Egypt where even bands of brigands, a phenomenon perfectly new
and unknown to this century, have started up, where crime has
doubled in quantity and quality, and where "Christian rule" has
thoroughly scandalised a Moslem land.

[FN#7] The old bawd's portrait is admirably drawn: all we
dwellers in the East have known her well: she is so and so. Her
dress and manners are the same amongst the Hindus (see the
hypocritical-female ascetic in the Katha, p. 287) as amongst the
Moslems; men of the world at once recognise her and the prudent
keep out of her way. She is found in the cities of Southern
Europe, ever pious, ever prayerful; and she seems to do her work
not so much for profit as for pure or impure enjoyment. In the
text her task was easy, as she had to do with a pair of

[FN#8] Koran, xxv. 70. I give Sale's version.

[FN#9] Easterns, I have observed, have no way of saying "Thank
you;" they express it by a blessing or a short prayer. They have
a right to your surplus: daily bread is divided, they say and,
eating yours, they consider it their own. I have discussed this
matter in Pilgrimage i. 75-77, in opposition to those who declare
that "gratitude" is unknown to Moslems.

[FN#10] Cufa (Kufah) being a modern place never had a "King,"
but as the Hindu says, " Delhi is far" it is a far cry to Loch
Awe. Here we can hardly understand "Malik" as Governor or
Viceroy: can it be syn. with Zú-mál-(moneyed)?

[FN#11] Abd al-Malik has been before mentioned as the "Sweat of
a Stone," etc. He died recommending Al-Hajjaj to his son,
Al-Walid, and one of his sayings is still remembered. "He who
desireth to take a female slave for carnal-enjoyment, let him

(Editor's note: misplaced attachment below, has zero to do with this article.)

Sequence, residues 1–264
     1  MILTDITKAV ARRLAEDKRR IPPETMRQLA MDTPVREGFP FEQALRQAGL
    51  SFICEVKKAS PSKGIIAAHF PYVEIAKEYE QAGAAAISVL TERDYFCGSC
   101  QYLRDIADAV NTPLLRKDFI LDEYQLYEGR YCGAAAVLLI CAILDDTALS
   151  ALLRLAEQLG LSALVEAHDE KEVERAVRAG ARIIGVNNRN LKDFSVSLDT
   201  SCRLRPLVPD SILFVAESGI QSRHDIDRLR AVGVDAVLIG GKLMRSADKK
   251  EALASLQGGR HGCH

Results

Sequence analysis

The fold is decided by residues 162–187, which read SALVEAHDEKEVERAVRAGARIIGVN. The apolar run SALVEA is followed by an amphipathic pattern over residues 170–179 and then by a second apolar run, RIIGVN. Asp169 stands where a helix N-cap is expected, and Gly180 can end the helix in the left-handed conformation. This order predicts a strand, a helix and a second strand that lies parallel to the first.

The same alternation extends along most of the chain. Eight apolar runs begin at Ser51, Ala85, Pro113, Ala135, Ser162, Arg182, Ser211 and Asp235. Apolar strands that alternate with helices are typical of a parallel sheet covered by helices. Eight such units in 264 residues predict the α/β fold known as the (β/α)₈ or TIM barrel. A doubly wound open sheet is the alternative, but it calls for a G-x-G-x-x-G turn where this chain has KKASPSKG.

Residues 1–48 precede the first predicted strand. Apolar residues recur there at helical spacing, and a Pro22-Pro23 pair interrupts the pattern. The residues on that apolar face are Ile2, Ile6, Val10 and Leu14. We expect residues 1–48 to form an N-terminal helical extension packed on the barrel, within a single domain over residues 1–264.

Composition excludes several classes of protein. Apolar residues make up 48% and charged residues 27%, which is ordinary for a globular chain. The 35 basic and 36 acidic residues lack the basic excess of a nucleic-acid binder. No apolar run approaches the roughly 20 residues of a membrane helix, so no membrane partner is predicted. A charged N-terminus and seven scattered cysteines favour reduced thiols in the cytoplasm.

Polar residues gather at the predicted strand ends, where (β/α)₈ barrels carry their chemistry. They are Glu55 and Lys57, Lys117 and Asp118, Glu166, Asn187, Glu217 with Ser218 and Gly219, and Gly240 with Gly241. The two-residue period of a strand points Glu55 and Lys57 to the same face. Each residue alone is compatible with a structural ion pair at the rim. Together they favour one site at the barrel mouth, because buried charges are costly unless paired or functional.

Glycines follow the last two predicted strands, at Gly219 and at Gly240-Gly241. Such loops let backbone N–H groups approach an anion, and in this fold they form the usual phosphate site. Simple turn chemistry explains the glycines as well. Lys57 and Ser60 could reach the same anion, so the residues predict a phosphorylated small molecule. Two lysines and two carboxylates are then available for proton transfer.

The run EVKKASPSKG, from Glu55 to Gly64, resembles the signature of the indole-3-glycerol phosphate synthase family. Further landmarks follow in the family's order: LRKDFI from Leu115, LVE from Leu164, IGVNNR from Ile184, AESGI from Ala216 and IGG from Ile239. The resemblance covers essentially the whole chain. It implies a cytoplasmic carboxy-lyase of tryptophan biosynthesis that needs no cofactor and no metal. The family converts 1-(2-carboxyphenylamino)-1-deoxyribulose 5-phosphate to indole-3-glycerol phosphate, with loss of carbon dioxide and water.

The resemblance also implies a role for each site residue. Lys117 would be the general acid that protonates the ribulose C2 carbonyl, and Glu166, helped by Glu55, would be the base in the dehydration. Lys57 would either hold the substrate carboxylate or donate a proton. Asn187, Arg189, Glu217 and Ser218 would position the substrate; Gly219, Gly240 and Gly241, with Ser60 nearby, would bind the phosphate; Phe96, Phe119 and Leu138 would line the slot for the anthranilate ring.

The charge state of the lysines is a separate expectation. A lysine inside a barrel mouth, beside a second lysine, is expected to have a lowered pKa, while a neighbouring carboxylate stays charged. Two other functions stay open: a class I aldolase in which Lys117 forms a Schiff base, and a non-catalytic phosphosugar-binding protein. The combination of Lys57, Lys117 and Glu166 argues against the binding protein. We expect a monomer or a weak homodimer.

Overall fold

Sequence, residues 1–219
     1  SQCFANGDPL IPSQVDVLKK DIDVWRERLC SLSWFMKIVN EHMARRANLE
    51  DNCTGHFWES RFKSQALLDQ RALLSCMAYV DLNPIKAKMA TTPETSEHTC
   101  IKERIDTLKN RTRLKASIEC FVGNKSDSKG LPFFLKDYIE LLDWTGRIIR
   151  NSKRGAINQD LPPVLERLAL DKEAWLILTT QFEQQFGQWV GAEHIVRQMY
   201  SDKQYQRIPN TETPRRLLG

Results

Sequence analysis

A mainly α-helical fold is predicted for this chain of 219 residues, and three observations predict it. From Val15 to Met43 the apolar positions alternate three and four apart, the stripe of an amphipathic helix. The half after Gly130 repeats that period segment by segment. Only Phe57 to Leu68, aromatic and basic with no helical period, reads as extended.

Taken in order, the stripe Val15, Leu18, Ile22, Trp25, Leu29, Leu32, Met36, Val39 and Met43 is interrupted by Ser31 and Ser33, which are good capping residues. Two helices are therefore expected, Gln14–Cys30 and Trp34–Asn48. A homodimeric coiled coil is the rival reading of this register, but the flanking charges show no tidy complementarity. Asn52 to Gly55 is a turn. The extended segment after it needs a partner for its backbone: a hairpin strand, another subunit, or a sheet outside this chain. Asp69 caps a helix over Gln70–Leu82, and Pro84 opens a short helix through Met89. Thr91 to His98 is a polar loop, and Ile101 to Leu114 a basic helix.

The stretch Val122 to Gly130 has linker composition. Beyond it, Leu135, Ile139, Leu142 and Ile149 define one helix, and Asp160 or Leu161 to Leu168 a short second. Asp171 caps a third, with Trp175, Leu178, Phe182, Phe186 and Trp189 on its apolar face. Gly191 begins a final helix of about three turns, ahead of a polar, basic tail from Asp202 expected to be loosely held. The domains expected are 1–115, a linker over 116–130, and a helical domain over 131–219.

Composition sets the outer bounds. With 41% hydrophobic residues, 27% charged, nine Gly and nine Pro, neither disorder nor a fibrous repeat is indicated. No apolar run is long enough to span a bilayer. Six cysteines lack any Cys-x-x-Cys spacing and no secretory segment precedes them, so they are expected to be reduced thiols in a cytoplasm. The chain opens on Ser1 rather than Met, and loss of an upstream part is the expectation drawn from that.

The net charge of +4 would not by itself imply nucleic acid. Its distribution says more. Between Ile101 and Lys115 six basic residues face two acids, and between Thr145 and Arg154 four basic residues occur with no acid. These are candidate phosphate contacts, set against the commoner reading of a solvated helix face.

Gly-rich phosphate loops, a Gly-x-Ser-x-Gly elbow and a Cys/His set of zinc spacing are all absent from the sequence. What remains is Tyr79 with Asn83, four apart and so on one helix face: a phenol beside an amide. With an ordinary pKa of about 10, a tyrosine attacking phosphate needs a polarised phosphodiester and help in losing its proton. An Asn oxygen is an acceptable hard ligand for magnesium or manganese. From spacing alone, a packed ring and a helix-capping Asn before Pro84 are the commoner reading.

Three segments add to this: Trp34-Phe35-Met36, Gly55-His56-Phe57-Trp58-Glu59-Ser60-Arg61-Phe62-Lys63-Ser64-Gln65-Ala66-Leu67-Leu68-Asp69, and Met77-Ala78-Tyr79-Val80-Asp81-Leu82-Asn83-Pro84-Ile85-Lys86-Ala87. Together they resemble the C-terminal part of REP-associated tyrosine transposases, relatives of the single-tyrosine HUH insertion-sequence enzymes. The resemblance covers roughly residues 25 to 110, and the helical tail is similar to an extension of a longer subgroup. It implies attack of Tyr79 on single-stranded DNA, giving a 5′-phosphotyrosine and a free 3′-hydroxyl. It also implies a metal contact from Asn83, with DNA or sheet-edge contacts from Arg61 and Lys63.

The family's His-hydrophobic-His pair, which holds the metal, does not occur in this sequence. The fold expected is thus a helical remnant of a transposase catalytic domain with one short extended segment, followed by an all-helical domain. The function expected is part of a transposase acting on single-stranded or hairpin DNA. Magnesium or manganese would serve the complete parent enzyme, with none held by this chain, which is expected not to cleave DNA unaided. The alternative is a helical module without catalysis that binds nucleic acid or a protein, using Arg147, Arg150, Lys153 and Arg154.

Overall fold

take a native of Barbary; if he need one for the sake of
children, let him have a Persian; and whoso desireth one for
service, let him take a Greek." Moderns say, "If you want a
brother (in arms) try a Nubian; one to get you wealth an
Abyssinian and if you want an ass (for labour) a Sáwahíli, or
Zanzibar negroid."

[FN#12] Probably suggested by the history of Antiochus and
Stratonice, with an addition of Eastern mystery such as geomancy.

[FN#13] Arab, "Kárúrah": the "water-doctor" has always been an
institution in the east and he has lately revived in Europe
especially at the German baths and in London.

[FN#14] Lane makes this phrase "O brother of the Persians!"
synonymous with "O Persian!" I think it means more, a Persian
being generally considered "too clever by half."

[FN#15] The verses deal in untranslatable word-plays upon
women's names, Naomi (the blessing) Su'adá or Su'ád (the happy,
which Mr. Redhouse, in Ka'ab's Mantle-poem, happily renders
Beatrice); and Juml (a sum or total) the two latter, moreover,
being here fictitious.

[FN#16] "And he (Jacob) turned from them, and said, 'O how I am
grieved for Joseph' And his eyes became white with mourning. ...
(Quoth Joseph to his brethren), 'Take this my inner garment and
throw it on my father's face and he shall recover his sight.' . .
. So, when the messenger of good tidings came (to Jacob) he threw
it (the shirt) over his face and he recovered his eye-sight."
Koran, xii. 84, 93, 96. The commentators, by way of improvement,
assure us that the shirt was that worn by Abraham when thrown
into the fire (Koran, chaps. xvi.) by Nimrod (!). We know little
concerning "Jacob's daughters" who named the only bridge spanning
the upper Jordan, and who have a curious shrine tomb near Jewish
"Safe" (North of Tiberias), one of the four "Holy Cities." The
Jews ignore these "daughters of Jacob" and travellers neglect

[FN#17] Easterns, I have remarked, mostly recognise the artistic
truth that the animal-man is handsomer than woman and that "fair
sex" is truly only of skin-colour. The same is the general-rule
throughout creation, for instance the stallion compared with the
mare, the cock with the hen; while there are sundry exceptions
such as the Falconidae.

[FN#18] The Badawi (who is nothing if not horsey) compares the
gait of a woman who walks well (in Europe rarely seen out of
Spain) with the slightly swinging walk of a thoroughbred mare,
bending her graceful neck and looking from side to side at